Half a century ago, Belgian Zoologist Bernard Heuvelmans first codified cryptozoology in his book On the Track of Unknown Animals.

The Centre for Fortean Zoology (CFZ) are still on the track, and have been since 1992. But as if chasing unknown animals wasn't enough, we are involved in education, conservation, and good old-fashioned natural history! We already have three journals, the largest cryptozoological publishing house in the world, CFZtv, and the largest cryptozoological conference in the English-speaking world, but in January 2009 someone suggested that we started a daily online magazine! The CFZ bloggo is a collaborative effort by a coalition of members, friends, and supporters of the CFZ, and covers all the subjects with which we deal, with a smattering of music, high strangeness and surreal humour to make up the mix.

It is edited by CFZ Director Jon Downes, and subbed by the lovely Lizzy Bitakara'mire (formerly Clancy), scourge of improper syntax. The daily newsblog is edited by Corinna Downes, head administratrix of the CFZ, and the indexing is done by Lee Canty and Kathy Imbriani. There is regular news from the CFZ Mystery Cat study group, and regular fortean bird news from 'The Watcher of the Skies'. Regular bloggers include Dr Karl Shuker, Dale Drinnon, Richard Muirhead and Richard Freeman.The CFZ bloggo is updated daily, and there's nothing quite like it anywhere else. Come and join us...

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Friday, January 30, 2009


Glen is a very new recruit to Planet CFZ. Indeed, we had never heard from him until a few months ago when he wrote - slightly diffidently - to us, asking whether he could write a volume in our ongoing series The Mystery Animals of The British Isles. We asked him for a proposed synopsis and a sample of his writing, and were overawed by what we received. Here was a man who loved both words and the countryside, and could use one to describe the other in poetic but always down to earth terms. We were beginning to come to the conclusion that here was someone that Bob Marley would have described as a `Natural Mystic`, when the final manuscript arrived, and we knew that we were right. So we asked him to be a guest blogger..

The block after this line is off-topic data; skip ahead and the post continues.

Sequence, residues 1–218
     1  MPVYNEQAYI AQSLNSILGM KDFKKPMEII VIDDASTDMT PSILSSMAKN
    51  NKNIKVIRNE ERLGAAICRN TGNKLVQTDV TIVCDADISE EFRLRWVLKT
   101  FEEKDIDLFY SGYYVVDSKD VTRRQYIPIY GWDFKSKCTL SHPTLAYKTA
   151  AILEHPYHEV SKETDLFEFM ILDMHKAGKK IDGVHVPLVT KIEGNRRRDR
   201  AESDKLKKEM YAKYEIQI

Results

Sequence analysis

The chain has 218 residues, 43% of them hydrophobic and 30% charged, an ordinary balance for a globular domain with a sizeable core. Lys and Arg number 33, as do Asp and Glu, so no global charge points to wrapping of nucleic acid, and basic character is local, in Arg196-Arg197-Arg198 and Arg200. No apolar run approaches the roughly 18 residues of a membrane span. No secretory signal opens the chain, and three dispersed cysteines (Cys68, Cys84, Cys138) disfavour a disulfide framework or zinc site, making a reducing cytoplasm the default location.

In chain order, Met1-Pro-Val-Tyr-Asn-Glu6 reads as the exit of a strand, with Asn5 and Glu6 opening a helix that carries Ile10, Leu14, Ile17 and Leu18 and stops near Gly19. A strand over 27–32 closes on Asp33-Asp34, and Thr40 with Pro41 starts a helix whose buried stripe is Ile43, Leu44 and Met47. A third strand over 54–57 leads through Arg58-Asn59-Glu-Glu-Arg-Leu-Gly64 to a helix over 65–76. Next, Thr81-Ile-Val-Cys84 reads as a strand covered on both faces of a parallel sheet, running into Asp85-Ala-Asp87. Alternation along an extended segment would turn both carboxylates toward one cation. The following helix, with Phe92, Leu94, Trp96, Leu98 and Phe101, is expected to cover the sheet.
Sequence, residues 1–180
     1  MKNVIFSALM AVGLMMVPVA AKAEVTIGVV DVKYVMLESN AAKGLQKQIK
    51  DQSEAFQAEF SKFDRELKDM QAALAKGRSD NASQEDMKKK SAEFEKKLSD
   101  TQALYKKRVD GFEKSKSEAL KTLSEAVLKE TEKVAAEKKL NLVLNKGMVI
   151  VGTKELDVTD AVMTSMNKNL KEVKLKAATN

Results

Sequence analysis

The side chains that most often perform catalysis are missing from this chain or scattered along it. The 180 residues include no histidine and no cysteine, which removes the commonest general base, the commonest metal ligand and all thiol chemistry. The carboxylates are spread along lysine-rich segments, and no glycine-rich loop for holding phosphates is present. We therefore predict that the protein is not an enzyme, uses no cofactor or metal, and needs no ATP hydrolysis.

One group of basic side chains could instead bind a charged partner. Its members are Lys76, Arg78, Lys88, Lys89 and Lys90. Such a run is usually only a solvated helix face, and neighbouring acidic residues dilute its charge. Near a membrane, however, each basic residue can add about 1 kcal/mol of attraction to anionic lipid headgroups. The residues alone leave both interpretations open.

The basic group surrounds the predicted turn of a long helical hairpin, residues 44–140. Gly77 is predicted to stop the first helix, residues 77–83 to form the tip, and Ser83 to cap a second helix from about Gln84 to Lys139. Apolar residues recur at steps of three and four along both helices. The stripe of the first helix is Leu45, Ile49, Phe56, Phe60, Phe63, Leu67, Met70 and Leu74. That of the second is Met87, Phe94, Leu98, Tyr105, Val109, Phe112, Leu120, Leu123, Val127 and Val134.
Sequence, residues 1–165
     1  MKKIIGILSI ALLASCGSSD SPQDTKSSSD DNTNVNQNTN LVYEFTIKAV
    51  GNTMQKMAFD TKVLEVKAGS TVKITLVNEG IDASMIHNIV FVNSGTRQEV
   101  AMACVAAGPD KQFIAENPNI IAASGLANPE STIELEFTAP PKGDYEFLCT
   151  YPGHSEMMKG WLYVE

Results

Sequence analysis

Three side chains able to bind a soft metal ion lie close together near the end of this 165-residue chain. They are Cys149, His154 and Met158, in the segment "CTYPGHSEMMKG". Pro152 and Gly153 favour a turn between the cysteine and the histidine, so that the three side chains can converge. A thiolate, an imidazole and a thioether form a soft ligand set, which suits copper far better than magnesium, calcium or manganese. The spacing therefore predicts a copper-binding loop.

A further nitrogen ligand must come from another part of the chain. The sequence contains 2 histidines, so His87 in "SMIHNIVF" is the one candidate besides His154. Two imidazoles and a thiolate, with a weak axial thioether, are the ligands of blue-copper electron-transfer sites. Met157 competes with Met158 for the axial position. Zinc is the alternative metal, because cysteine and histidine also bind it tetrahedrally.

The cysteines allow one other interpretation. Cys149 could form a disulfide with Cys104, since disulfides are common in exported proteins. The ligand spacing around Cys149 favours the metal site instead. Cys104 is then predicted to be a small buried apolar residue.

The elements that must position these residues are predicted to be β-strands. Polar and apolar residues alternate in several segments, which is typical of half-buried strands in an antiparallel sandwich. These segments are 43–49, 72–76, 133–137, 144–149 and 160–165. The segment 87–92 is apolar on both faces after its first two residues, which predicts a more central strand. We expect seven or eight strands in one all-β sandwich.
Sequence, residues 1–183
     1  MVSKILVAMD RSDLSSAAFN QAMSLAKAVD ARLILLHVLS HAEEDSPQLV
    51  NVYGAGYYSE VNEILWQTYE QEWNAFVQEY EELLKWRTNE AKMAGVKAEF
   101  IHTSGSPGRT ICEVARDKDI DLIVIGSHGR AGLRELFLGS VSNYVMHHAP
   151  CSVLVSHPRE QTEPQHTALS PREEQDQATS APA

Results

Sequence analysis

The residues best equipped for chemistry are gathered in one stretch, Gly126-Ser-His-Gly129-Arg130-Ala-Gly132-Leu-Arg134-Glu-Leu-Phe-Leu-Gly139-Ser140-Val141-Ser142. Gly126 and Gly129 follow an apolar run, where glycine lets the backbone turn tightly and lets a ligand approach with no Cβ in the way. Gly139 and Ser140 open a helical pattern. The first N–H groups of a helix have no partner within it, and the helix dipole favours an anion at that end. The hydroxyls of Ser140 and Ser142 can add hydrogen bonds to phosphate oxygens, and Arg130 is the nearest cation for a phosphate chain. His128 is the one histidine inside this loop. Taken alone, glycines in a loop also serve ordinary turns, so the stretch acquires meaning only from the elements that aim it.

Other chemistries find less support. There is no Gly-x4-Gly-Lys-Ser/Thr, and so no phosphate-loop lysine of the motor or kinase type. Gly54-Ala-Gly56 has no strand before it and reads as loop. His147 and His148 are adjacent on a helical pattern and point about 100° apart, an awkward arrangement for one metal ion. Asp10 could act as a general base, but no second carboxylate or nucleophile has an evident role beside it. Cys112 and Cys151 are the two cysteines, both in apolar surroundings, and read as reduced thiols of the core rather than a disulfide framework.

The only sighting of a cryptozoological nature that I can claim to have had was of a turtle, well actually it was three turtles, which used to pop out from the murky depths of the shopping trolley-choked waters of a cutting of the River Irwell, known locally as the Old River, in a town called Irlam.

Many a warm day you could sit in the beer garden of the pub that stands on the riverbank and watch not only the rats scurry about but also out on the still water the three turtles sitting on their own special half-submerged log, what type they were I couldn’t say unless there is a breed out there called the ‘German coal scuttle helmet turtle’. But that was years ago when I was still living in the sunny outskirts of Manchester.

These days my knowledge of turtles is still just as poor but fortunately you don’t need a great deal of knowledge to spot turtle stories in the press. Earlier this month the Edinburgh Evening News (10th January) featured a story about a pig nosed turtle under the delightful if questionable headline ‘Club’s turtle is a real stud’. The article told the tale of Hugo the pig nosed turtle that had for the last six years been living in a tank inside an Edinburgh night club, El Barrio. He might well have lived there for a lot longer if it hadn’t been for renovation work at the club, this meant Hugo had to go and so the plucky shelled fellow has found himself heading off to the Scarborough Sea Life and Marine Sanctuary where it is hoped he will become part of a breeding program.

Now if Hugo had been a marine turtle the future would have been a little different. Last June the BBC website told the tale of two loggerhead turtles that had been washed ashore. The first turtle, with the rather sensible name of James, washed up at Blackrock beach, Bude on the 26 January 2008, with a second one, unfortunately named Dink, turning up a week later on Putsborough Beach, Woolacombe. After five months rehabilitation the two loggerhead turtles were flown out to Las Palmas, Gran Caneria to be released back into the wild.

And what you may ask is the point of this tale? Well it seems that if you are a rescued turtle there is no such thing as Sun, Sea and Sex. You either get the sun and the sea or just the sex.

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